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by Mary Perlmutter



I have been busy planning where each crop is going to go in the garden rotation. This year I am planning to plant one large 9m x 27m bed (approximately 25’ x 80') with a crop of buckwheat which will be tilled into the ground in October to enrich the soil for 1996. Buckwheat contains amino acids and high lysine. It matures in about 70 days, smothers weeds and entices bees which will pollinate the rest of the garden. We enjoy eating buckwheat as a potato or rice substitute at dinner.

The buckwheat does not need to be grown until seed kernels form if you do not wish to eat it. It can be cut green and tilled as a green manure into the soil in July. Late transplants such as a second crop of broccoli, cabbage or cauliflower, all heavy feeders, benefit from being planted in the turned-in green material. Crops such as buckwheat, red clover, rye grass and timothy can be planted in used beds in the fall, then turned over in May or June of the following year.

I mulch my whole garden with dry leaves, straw, hay or shredded paper – whichever I can get my hands on! Fortunately, for the past five years I have been able to get a whole truckload of acidic leaves delivered by the municipality. My soil is very alkaline and the oak leaves and pine and fir needles help to balance the high pH of my soil, which is limestone glacial till. When the leaf mulch is turned in the following spring, it soon breaks down and adds to the humus content of my soil.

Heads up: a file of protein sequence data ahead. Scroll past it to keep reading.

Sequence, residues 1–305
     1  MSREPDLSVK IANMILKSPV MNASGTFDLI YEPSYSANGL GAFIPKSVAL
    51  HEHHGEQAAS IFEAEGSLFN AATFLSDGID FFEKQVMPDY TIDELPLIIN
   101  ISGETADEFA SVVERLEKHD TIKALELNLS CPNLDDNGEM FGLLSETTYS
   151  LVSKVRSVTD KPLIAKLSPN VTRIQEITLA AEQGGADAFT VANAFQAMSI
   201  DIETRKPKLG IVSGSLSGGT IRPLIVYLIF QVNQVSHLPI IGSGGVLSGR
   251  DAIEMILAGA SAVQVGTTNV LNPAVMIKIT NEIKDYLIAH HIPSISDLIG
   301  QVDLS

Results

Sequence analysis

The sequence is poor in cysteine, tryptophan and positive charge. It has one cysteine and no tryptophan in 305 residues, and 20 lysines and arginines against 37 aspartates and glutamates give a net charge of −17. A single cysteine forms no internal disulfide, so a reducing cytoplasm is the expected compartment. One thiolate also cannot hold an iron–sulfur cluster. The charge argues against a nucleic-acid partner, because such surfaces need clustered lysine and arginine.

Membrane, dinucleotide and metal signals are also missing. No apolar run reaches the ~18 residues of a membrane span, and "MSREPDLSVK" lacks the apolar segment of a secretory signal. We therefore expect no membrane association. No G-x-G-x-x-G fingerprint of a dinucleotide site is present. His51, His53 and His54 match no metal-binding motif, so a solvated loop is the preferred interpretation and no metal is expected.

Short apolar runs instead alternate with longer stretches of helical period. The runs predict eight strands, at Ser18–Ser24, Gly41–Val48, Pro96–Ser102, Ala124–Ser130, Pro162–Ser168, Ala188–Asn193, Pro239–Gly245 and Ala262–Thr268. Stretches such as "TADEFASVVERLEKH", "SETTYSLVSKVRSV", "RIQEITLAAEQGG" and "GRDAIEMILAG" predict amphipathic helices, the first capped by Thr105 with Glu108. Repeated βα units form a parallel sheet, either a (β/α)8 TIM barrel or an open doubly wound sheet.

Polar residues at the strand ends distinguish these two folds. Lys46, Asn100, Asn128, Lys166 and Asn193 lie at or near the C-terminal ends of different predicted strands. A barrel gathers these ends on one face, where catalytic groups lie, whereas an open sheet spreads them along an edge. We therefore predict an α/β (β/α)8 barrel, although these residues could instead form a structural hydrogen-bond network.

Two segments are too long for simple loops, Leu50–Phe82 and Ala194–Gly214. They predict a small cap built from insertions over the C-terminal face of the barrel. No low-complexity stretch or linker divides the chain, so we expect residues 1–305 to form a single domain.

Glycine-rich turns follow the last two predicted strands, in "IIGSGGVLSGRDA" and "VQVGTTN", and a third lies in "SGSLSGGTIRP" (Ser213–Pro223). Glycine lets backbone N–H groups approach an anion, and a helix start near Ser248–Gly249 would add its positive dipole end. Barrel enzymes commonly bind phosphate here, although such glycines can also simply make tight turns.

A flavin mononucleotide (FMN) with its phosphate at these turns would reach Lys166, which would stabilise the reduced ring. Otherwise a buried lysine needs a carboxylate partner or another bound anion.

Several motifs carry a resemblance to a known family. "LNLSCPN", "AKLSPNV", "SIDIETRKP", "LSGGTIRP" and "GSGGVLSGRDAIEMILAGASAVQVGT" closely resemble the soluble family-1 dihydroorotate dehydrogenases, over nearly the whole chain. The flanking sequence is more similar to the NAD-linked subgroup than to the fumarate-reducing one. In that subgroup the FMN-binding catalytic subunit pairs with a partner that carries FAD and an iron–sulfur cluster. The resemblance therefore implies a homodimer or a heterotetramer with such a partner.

During the growing season I often give my newly transplanted seedlings a dose of comfrey tea, kelp meal or liquid fish emulsion to get them off to a good start. Later in the growing season, I make equisetum tea to spray on the roses and fruit trees to prevent scab and black spot, both spore-borne diseases. Equisetum (horsetail), which grows in damp places by the sides of country roads, is a natural fungicide. I soak it 24 hours in water, strain and pour into a spray bottle. It can also be blended in a blender and strained, with the residue used as mulch for rose bushes and apple trees.

Plan to rotate your beds or rows every year so that different plants are taking different nutrients out of the soil. Rotation also confuses pests.

I plant legumes followed by heavy feeders such as corn, tomatoes, potatoes, broccoli, cauliflowers and squash. Perennials like rhubarb, asparagus and French tarragon need to have a good feed of compost or worm castings to carry them over the summer.



Copyright 1995. Mary Perlmutter.

Reprinted with permission. All rights reserved.

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